In those early years, Slaight was more interested in finding the secret behind a trick rather than performing it. But this soon gave way to fascination with the elegance of the tricks themselves. "Sometimes," he says, "the ingenuity is breathtaking--the brilliance of the inventions." Some tricks are so beautifully constructed that he finds himself tempted to reveal how they work, an indulgence he always resists.
His own skill as a magician has kept him in demand as a performer ever since his grandfather, manager of a local bank in Galt, paid him $2 to entertain his staff back in the 1940s. Slaight had a travelling show by his late teens, which included elements of magic and mind reading. He has also invented a number of tricks of his own, and today organizes an elite conference for magicians: About 30 of the world's best gather in Toronto each August.
He admits it can be tiresome to be asked to perform, "especially at dinner parties." Part of the reason is that he isn't a magician in the legerdemain sense; he doesn't pull rabbits out of hats or coins from behind children's ears. Slaight's tricks are mind teasers, often card tricks that rely on intense practice.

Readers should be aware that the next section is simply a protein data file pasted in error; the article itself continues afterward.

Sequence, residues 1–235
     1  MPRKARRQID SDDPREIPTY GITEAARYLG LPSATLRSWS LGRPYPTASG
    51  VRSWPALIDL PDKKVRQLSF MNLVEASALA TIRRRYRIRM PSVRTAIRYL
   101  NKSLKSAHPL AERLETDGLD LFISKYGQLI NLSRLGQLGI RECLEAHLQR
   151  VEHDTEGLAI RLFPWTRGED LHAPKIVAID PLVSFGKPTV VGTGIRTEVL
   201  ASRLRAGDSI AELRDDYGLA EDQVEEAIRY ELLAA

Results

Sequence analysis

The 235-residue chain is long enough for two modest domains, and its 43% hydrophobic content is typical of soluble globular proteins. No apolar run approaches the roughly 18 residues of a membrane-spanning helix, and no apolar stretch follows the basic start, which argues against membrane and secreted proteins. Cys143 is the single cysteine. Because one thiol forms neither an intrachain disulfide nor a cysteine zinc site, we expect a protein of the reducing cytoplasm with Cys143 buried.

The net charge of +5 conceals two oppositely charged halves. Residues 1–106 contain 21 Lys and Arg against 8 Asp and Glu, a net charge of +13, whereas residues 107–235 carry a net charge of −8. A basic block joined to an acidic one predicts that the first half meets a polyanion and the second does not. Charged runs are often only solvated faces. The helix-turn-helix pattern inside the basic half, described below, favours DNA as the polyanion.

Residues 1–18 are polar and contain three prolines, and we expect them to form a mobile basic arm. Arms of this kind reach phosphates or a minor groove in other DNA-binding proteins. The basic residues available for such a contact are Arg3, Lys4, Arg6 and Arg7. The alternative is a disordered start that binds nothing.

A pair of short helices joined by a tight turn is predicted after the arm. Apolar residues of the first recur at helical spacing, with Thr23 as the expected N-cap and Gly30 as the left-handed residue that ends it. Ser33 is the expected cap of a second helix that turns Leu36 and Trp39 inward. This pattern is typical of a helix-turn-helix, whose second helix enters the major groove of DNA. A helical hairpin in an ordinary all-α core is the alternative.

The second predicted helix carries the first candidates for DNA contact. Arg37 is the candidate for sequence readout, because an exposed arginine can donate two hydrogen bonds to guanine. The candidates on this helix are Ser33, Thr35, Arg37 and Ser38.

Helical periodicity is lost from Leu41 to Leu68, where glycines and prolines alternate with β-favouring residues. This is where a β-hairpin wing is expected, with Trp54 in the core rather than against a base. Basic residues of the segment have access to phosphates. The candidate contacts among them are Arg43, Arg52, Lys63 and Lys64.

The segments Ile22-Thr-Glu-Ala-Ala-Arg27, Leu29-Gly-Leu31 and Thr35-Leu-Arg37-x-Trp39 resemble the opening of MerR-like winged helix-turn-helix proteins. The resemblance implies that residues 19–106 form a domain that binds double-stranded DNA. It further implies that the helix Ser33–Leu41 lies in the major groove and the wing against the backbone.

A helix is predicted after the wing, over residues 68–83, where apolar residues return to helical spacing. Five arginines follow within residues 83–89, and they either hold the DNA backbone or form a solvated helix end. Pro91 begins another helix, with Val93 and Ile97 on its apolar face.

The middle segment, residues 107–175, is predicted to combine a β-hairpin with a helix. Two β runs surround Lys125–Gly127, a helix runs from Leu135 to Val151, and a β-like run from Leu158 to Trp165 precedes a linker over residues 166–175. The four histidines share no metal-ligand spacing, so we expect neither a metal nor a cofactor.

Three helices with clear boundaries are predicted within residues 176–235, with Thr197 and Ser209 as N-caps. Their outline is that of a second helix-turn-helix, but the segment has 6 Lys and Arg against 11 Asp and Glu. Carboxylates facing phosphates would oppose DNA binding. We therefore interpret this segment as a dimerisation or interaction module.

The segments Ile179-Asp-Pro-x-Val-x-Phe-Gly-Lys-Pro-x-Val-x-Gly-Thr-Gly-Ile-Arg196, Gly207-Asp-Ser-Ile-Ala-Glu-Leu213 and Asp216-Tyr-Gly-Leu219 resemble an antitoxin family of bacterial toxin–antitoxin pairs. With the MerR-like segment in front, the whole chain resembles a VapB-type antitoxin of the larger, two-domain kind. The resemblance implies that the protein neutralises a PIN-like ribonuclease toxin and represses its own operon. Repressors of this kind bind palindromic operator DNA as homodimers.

In his 20s, Slaight toyed briefly with the idea of doing magic for a living, but with three young children, he thought it more prudent to keep his day job at a radio station in Edmonton, taking his magic show on the road only on weekends. He dismisses the idea that there may be a link between his interest in magic and his business success, "except, perhaps, the creativity required." But one thing is apparent: Slaight learned at an early age how to hold an audience (I'm still waiting for him to perform a trick), and also that delivery trumps content every time. "The best magic trick in the world will fall flat," he says, "if the presentation is dull."
In the world of business, this flair for showmanship has served him well. He rose from the ranks of cub reporter at a Saskatchewan radio station, owned by his father, to own and run Standard Broadcasting, which he purchased from Conrad Black in 1985 for almost $200 million. Later, his investment in the Toronto Raptors (and his subsequent whoppingly profitable sale of the franchise) called for a pinch of bravado and nerve to confront an uncertain audience, the fans.